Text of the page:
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Over the last decade, Greece went on a debt binge that came crashing to an end in late 2009, provoking an economic crisis. Over the next two years, Greece relied on bailout money from its richer neighbors and implemented austerity measures meant to cut its bloated deficit and restore investor confidence. But by June 2011 it found itself deep in a second recession, near the end of its cash and facing a political crisis, as anti-austerity demonstrations grew. Violence broke out this week during one of those demonstrations, injuring 11, as the frustration continued to grow and no quick fixes emerged. Today, Greece's Prime Minister George Papandreou, in a broad cabinet reshuffle, appointed a new Finance Minister, Evangelos Venizelos, in hopes of turning his country around. - Paula Nelson (43 photos total)
A banner reads "yes to the society no to the power" during a rally against plans for new austerity measures, in Thessaloniki, Greece, June 15, 2011. A 24-hour strike by Greece's largest labor unions was to cripple public services, as the Socialist government began a legislative battle to push through last-ditch cost cutting reforms that would exceed its own term in office. Demonstrators have camped outside parliament since May 25, 2011. (Nikolas Giakoumidis/Associated Press)

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Japan continues to deal with the enormous task of cleaning up and moving forward three months after the 9.0 earthquake and tsunami that devastated the northeast coast. Local authorities are still dealing with the damaged Fukushima Daiichi Nuclear Power Plant, and now the rainy season, which could increase the risk of disease as workers clear away the debris, is approaching. Collected here are images from this past weekend marking the three-month point, as well then-and-now images of the destruction shot by Kyodo News via the Associated Press. -- Lloyd Young (29 photos total)
Vehicles drive through the tsunami-hit area, three months and two days after the magnitude 9.0 earthquake and subsequent tsunami on June 13, 2011 in Natori, Miyagi, Japan. Japanese government has been struggling to deal in the aftermath of the disaster and the problems affecting the damaged Fukushima Daiichi Nuclear Power Plant. Authorities are preparing for an increased risk of viral and infectious disease as delays in the clearing the debris combine with the arrival of Japan's humid, rainy season. (Kiyoshi Ota/Getty Images)

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Their homelands are torn by war, economic distress, political strife, or environmental collapse. They choose to leave, or have no choice. They're called migrants, refugees, or internally displaced people. The labels are inadequate as often circumstances could allow all three descriptions, or some combination of them. Once in their new countries, they face difficult transitions, discrimination, or outright hostility. Host countries are burdened with the economic and political repercussions of the arrivals, while home nations are sometimes saddled with a "brain drain" of their most important human resources. Immigration is a hot-button issue in the American presidential race, and a wave of new arrivals from Libya to Italy has left the European Union struggling with decisions over the Schengen policy of borderless travel between member nations. Gathered here are images of some of the estimated 214 million people worldwide in the process of redefining what "home" means to them. -- Lane Turner (47 photos total)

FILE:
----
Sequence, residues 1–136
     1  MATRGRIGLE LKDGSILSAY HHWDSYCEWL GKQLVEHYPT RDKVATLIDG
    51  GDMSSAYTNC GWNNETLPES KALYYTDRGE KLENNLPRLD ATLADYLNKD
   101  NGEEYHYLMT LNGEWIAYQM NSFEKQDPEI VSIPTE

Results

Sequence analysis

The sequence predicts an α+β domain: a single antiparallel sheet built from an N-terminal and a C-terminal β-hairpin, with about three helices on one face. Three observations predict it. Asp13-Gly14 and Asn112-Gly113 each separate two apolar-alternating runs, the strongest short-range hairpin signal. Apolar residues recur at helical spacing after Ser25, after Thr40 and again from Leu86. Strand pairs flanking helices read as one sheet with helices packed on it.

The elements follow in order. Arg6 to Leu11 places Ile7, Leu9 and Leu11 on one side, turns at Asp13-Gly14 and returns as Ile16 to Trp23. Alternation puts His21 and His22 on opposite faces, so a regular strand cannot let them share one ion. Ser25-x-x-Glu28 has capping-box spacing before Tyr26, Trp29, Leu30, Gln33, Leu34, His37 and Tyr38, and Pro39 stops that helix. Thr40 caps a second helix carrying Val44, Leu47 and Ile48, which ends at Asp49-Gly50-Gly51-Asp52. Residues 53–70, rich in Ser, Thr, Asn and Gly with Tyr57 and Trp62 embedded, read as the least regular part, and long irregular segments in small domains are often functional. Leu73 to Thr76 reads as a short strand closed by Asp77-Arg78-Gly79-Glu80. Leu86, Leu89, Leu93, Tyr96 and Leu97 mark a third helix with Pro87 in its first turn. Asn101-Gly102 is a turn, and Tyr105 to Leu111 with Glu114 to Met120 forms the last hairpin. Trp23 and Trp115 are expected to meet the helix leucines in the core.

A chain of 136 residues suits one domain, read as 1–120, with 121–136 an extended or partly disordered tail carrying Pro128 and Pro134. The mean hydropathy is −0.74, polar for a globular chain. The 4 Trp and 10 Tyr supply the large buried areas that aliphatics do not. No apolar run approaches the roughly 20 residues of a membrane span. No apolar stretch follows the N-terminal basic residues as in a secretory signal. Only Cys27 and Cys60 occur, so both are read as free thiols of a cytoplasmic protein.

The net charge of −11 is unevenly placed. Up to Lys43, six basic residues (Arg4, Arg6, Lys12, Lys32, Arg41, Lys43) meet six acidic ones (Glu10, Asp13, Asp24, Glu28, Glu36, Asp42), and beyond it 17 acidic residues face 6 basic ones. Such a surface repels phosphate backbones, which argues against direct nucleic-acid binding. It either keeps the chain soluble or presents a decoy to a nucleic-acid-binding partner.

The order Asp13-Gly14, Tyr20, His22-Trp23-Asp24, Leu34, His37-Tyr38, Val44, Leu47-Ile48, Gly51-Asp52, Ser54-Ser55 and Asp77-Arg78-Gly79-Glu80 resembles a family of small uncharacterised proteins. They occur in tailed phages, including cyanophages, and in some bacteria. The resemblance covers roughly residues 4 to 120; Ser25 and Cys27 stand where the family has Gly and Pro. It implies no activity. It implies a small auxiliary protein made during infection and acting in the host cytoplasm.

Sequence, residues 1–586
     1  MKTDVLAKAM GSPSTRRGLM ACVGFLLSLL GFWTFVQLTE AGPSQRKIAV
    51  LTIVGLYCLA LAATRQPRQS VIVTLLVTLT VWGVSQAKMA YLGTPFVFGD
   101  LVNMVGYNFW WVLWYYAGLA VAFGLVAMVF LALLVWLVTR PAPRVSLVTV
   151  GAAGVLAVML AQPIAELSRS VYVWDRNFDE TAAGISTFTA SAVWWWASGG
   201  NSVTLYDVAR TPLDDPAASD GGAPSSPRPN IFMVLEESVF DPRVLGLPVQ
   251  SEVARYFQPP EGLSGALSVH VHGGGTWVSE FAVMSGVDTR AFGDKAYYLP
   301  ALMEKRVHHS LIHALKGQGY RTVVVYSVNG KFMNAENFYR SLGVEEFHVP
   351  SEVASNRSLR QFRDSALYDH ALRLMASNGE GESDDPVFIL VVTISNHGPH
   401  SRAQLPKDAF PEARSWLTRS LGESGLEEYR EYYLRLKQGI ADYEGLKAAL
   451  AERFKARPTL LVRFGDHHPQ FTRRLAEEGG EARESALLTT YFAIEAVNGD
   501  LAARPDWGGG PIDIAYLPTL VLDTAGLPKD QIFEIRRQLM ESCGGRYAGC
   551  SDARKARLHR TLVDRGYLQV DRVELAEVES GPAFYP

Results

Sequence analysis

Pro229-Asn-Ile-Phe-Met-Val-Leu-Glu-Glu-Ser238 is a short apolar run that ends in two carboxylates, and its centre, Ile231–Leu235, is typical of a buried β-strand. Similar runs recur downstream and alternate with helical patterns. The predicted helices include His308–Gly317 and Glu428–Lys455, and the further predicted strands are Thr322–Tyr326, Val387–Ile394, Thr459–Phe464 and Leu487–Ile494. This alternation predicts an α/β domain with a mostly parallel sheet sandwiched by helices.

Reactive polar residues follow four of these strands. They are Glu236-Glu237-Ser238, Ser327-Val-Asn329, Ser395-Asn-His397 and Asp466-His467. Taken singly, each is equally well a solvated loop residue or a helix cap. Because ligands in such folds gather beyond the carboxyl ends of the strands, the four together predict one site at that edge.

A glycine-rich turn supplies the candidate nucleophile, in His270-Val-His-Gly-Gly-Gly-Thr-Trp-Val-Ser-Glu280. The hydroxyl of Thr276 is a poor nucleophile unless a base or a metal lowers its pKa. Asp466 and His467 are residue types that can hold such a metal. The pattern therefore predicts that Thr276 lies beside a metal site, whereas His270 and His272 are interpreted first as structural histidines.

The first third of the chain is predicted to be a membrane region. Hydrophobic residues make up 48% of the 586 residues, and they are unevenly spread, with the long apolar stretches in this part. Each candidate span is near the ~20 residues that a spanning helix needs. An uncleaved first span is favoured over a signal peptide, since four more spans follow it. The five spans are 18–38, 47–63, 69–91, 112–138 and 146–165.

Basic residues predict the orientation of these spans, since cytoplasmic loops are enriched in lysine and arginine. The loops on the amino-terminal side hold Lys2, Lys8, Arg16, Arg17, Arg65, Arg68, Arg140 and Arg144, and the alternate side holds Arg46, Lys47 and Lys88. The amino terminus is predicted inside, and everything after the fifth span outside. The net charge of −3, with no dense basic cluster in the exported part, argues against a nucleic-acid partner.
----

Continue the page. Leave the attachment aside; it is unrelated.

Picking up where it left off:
Rescuers help people in the sea after a boat carrying some 250 migrants crashed into rocks as they tried to enter the port of Pantelleria, an island off the southern coast of Italy, on April 13. Italy is struggling to cope with a mass influx of immigrants from north Africa, many of whom risk their lives by sailing across the often stormy Meditteranean in makeshift vessels. (Francesco Malavolta/AFP/Getty Images)

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A vast wildfire, measuring half the size of the state of Rhode Island and described as the second worst fire in Arizona history, continues to surge across eastern Arizona. The fire has jumped past firefighter's containment lines to reach the edges of residential areas, prompting more evacuation orders. Winds carrying burning embers continue to ignite smaller fires, causing new concerns about the prospect of extinguishing the 13-day-old fire. The Wallow Fire has destroyed approximately 337,000 acres and threatens main electrical lines that supply power as far away as west Texas. Thousands have evacuated. Paula Nelson (35 photos total)
Smoke from the Wallow Fire covers highway 60 in Springerville, Arizona. Several mountain communities have emptied in advance of the fire, and a utility that supplies power to customers in southern New Mexico and west Texas issued warnings of possible power interruptions due to the fire's spread, June 9, 2011. (Marcio Jose Sanchez/Associated Press)

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The eruption of the Puyehue volcano in the Andes mountains of southern Chile last weekend provided some spectacular images of the force of nature. Ash covers the landscape and thousands of people were evacuated from the surrounding rural communities. The volcano, which hasn't been active since 1960 when it erupted after an earthquake, sent its plume of ash 6 miles high across Argentina and toward the Atlantic Ocean. -- Lloyd Young (33 photos total)
A plume of ash, estimated six miles (10km) high and three mile wide is seen after a volcano erupted in the Puyehue-Cordon Caulle volcanic chain, about 575 miles (920 km) south of the capital, Santiago June 4. (Ivan Alvarado/Reuters)

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The source of an E. coli outbreak in Europe that has killed 22 people and sickened more than 2,200 is still not known. German authorities at first blamed it on cucumbers grown in Spain, causing outrage among Spanish farmers. They are claiming they lost tens of millions of dollars due to a slump in demand. Tests showed that Spanish cucumbers did not contain the dangerous strain. Bean sprouts from a farm in Germany are now being tested, though the first tests did not find the contamination. Cases have shown up in at least 10 countries and have left more than 600 in intensive care.(30 photos total)
A nurse cares for a patient infected with the virulent E. coli bacteria and undergoing dialysis treatment at an intensive care unit of Hamburg's UKE university clinic on June 1, 2011. The number of people sickened by a mysterious killer bacteria grew, two weeks after the outbreak in Germany, while fears over tainted vegetables hit European farmers hard. Scientists and health officials say they have identified the E. coli bacteria responsible for the outbreak, which has mainly affected northern Germany, but are unable to say what caused it or who was responsible. (Angelika Warmuth/AFP/Getty Images)